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Democrats Expect ‘Clean’ DHS Bill — One Way or Another

Hoyer, right, outlined expectations for the DHS funding bill. (Tom Williams/CQ Roll Call)
Hoyer, right, outlined expectations for the DHS funding bill. (Tom Williams/CQ Roll Call)

With funding for the Department of Homeland Security set to run out Saturday, it should be no surprise that House Democrats expect a vote on a bill to further fund the agency. It’s just unclear what form that vote will take.  

Minority Whip Steny H. Hoyer told reporters Monday morning he expects a vote on a “clean” bill — one devoid of provisions blocking President Barack Obama’s executive action on immigration — at some point this week.  

As Hoyer noted, once the Senate votes down a motion to go to conference — expected to happen Monday night — the stage of “disagreement” between the House and Senate will be such that any member could make a privileged motion to get a vote on the Senate-passed bill. (Read this for a wonky explainer on how that works.)  

Hoyer indicated Democrats were aware of the tactic, which would allow the House to concur in the Senate amendment to the House bill, but he also said he expected “a substantive vote, not a procedural vote” on a clean bill that would fund DHS through Sept. 30.  

But the Maryland Democrat also seemed to be leaving his options open to use the procedural gimmick.  

“My expectation is that the Senate is going to reject going to conference, and that we will have an opportunity to have a vote,” he said.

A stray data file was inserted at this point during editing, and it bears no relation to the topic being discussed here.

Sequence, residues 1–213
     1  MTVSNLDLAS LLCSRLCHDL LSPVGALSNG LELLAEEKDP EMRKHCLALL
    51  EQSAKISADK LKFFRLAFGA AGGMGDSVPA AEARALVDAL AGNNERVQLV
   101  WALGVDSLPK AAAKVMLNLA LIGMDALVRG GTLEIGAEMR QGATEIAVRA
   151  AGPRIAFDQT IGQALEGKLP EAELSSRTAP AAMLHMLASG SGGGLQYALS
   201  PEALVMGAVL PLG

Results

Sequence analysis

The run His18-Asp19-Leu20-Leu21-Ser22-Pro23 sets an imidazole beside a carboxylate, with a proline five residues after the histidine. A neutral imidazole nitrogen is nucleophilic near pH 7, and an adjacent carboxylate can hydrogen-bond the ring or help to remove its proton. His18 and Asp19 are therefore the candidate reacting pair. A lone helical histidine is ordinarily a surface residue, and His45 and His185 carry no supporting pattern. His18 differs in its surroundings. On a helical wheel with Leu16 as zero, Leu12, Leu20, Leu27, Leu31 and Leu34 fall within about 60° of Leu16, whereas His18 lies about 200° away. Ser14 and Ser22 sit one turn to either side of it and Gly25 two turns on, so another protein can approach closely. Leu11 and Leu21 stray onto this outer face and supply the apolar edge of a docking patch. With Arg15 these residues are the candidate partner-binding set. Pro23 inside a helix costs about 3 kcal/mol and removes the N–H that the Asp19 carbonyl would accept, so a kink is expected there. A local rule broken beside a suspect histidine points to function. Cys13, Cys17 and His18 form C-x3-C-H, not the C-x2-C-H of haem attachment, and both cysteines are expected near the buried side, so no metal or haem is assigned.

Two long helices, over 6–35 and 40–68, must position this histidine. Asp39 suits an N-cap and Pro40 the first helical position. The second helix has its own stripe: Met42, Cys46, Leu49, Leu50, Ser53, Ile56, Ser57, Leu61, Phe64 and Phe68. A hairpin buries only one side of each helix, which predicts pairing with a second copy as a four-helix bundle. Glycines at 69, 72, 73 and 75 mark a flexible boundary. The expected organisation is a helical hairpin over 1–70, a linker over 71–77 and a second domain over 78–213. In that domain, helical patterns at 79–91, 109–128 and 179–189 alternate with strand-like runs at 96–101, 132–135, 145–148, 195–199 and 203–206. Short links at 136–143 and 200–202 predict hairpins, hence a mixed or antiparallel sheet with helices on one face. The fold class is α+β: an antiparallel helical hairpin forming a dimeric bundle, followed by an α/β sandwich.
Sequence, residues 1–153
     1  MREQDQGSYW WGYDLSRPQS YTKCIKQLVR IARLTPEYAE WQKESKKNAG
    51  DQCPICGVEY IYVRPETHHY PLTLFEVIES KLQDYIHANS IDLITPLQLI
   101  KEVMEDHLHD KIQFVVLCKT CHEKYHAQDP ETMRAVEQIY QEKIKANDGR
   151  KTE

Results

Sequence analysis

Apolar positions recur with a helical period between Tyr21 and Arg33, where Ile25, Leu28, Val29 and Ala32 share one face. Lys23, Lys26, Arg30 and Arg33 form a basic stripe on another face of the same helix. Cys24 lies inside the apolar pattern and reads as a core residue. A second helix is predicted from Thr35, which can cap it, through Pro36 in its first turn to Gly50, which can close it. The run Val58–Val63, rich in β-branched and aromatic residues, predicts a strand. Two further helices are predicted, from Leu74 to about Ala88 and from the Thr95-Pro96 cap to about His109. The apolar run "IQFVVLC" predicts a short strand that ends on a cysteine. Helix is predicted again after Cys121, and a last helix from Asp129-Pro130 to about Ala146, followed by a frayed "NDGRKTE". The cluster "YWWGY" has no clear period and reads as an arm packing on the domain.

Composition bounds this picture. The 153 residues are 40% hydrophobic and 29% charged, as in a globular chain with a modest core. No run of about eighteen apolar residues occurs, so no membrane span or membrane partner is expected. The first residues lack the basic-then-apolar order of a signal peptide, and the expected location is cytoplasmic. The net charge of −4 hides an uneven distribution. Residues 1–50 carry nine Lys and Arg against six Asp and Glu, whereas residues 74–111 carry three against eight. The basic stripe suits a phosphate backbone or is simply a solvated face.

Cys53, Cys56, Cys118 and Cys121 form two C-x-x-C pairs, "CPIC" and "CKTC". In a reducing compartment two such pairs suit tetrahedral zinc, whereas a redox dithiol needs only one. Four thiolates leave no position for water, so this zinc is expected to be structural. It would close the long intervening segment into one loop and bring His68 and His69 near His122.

“I’m not going to get into how it will come to a vote,” Hoyer said, adding he “read in one of the Hill periodicals” — that would be Roll Call — “that that’s obviously an option.”  

Hoyer also noted the letter from Minority Leader Nancy Pelosi Friday night that told her Democratic colleagues , “Your vote tonight will assure that we will vote for full funding next week.”  

“Why do you think the Democrats voted for a one-week when we almost in a united fashion voted against the three week?” Hoyer said. “Try to analyze that.”  

Speaker John A. Boehner has continued insisting there is no arrangement and his office refers back to “regular order” to resolve the DHS differences.  


Boehner Says House Will ‘Follow Regular Order’

How an Obscure Rule Could Give Boehner a Way Out of DHS Mess

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